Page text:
09/22/16

World CML Day, Celebrating Life

World CML Day – A Reason to Celebrate

World CML Day celebrates the beauty of life.

World CML Day

World CML Day. Rose ‘Misty Moonlight’

The rose is ‘Misty Moonlight,’ my registered (2004) large-flowered climber.

CML – chronic myelogenous leukemia – is a blood cancer and a Rare Disease; by definition, less than 200,000 in the US living with it. Today, slightly less than 50,000 in the US live with CML, with around 5,000 diagnosed each year. CML is caused by a translocation of chromosomes 9 and 22, which is how 9/22 came to be recognized as World CML Day. This leukemia is the first cancer to be successfully treated (not cured; that has not happened yet) with targeted therapies, in this case the tyrosine kinase inhibitors, TKI’s for short.

How the Tyrosine Kinase Inhibitors Came to Be

This progress required the work of many people in many seemingly unrelated fields over many years. The Watson-Crick double helix model for the structure of DNA, published in 1953, was the great scientific discovery of the 20th Century.

The first direct link between chromosomal abnormalities to any malignancy came with the discovery of the Philadelphia Chromosome (the 9/22 translocation) in 1960 by Peter Nowell at the University of Pennsylvania School of Medicine and David Hungerford from the Fox Chase Cancer Center’s Institute for Cancer Research.

Janet Rowley in 1972 discovered the Bcr-Abl oncogene produced by the translocation, which produces the tyrosine kinases thought to be responsible for the uncontrolled growth of white blood cells in CML.

In the early 1990’s Dr. Brian Druker began working with Dr. Nicholas Lydon, of what is now Novartis, for the development and testing of tyrosine kinase inhibitors. By the late 1990’s, one in particular, now known as imatinib (Gleevec) showed almost miraculous results for Dr. Druker’s patients, many of whom are still alive after beginning the drug in clinical trials. Novartis did not want to bring the drug to market because they didn’t think there would be enough demand for the drug to be profitable. Dr. Druker led the fight to make the drug available to his patients (and today fights against price gouging). He will forever be a hero to CML patients and their families.

Timeline for development of TKI’s.

PCR Testing

Drug resistance can occur, along with new mutations. A variety of TKI’s have been developed since Gleevec was FDA approved in 2002, helping to address the problem of drug resistance.

Patients are followed closely for evidence of resistance and recurrence through PCR (polymerase chain reaction) monitoring. This process for rapid DNA replication was discovered by Dr. Kary Mullis, and in 1993 he was awarded the Nobel Prize for it. PCR is used for many, many things, and any of you who have had your DNA tested, looking for where your ancestors began and how they migrated, etc., had PCR testing.

I share this video once again, because it proves that science can be fun, and can be presented in a way interested people can understand.

9/22 – World CML Day, my second year not only to observe it but to even know what CML is. I post with respect and gratitude to everyone who has contributed to changing CML from a short-term death sentence to the potential for an essentially normal life, well lived.

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09/13/16

Old Photos

Old Photos

Going back through old photos can be a bit of a challenge and also an interesting reminder of what once was. These images were made with the first digital camera I owned, a Nikon Coolpix 4300. Everything was on Automatic, including the flash. 🙂 That camera died after years of good use, and shortly after these images were made. I had purchased it for the sole purpose of photographing roses I judged at rose shows.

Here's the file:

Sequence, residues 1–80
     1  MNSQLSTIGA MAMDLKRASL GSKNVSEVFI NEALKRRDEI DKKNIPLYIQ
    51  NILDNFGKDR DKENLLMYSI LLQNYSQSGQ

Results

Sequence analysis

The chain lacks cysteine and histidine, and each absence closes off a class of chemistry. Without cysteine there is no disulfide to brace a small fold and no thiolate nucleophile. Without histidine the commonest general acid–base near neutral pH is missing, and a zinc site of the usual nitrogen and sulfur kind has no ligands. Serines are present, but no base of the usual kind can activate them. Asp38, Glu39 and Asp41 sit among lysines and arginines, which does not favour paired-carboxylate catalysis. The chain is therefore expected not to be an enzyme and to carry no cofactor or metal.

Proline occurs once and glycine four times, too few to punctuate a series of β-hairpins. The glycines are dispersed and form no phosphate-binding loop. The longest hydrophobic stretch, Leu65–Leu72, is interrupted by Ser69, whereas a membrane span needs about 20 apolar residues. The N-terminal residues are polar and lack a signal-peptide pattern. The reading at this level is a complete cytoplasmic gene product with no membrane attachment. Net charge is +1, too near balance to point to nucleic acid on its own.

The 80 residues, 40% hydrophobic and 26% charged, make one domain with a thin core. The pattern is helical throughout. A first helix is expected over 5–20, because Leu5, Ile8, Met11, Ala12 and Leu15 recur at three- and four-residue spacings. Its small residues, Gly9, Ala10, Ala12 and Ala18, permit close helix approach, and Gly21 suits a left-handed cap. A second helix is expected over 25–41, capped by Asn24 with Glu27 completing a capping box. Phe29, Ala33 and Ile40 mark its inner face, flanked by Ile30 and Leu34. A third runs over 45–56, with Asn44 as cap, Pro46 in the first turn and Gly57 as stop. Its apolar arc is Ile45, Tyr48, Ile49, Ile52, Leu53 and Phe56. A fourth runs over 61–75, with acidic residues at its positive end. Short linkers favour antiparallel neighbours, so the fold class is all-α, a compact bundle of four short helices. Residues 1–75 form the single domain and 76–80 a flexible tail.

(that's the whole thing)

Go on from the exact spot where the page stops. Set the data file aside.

This slide show is made of images taken in June, 2008 at an ARS Rose Judging Seminar in Palm Springs, California. A lot of the same people are around today, but the overall atmosphere, goals, principles, and values of the District where this was held are palpably different.

If you prefer looking at individual images rather than a slide show, the Gallery is here.

This post will ultimately scroll off the front page, so I have also posted the video on the “People” page of this website.

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09/12/16

Late Summer Flowers

Late Summer Flowers

The Earth Laughs with Flowers ~ Ralph Waldo Emerson

Late summer flowers in the Middle Rio Grande Valley of New Mexico are magnificent.

late summer flowers

Cosmos in Corrales

Visiting with friends Tim and Laurie is always fun. Visits usually include Tim and I photographing, and Laurie sketching. This weekend was no different. Our “photographic expeditions and excursions” are on temporary hold. However, we make the most of what is locally available. Their property always has great photo ops, but their Lively Meadow is especially lively in late summer.

A forest of sunflowers greets the arriving visitor. As I was driving into Corrales, I almost stopped to photograph some sunflowers growing along the highway. I laughed at myself as I drove into their property. I was also glad I did not stop along the highway!

late summer flowers

Sunflowers

The tall sunflowers provide a natural backdrop for the cosmos.

late summer flowers

Sunflowers and Cosmos

Cosmos are a riot of color. The little blue flowers are morning glories.

late summer flowers

Colorful Cosmos

Laurie sketched while Tim and I photographed.

late summer flowers

Laurie Sketching

Later, as we always do, we went back to the house and deck.

Tim and Spunk:

man and cat

Tim and Spunk

On the deck and outdoor kitchen:

man hat coffee

Tim Relaxing

woman

Laurie

I don’t know how or why, but something a little special and always unpredictable seems to appear at just the right time. I love this beautiful, sparkly little damsel fly that visited the butterfly bush as we were enjoying conversation on the deck.

damsel fly

Damsel Fly

A beautiful late summer day with friends and flowers.

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09/9/16

Rose Blooms Not of Exhibition Quality

This entry is part 1 of 1 in the series Rose Photography for Rose Shows

Rose Blooms Not of Exhibition Quality – Can Photographers Do Anything with Them?

rose blooms

Great Form! Major color faults and not disbudded!

Rose blooms of less than exhibition quality sometimes have some features that photographers enjoy and/or find challenging. Photographs of such rose blooms are not a problem outside of ARS (American Rose Society) shows. However, in the horticultural photography classes in ARS shows, photographs of imperfect specimens are no more welcome than the actual specimen would be. Does this mean the photographer should just “walk on by” and not “stop to smell the roses?” Each person has to answer that question for him/herself. I would like to suggest some ways to enjoy these roses, and perhaps also create an image people enjoy and can be entered in ARS shows.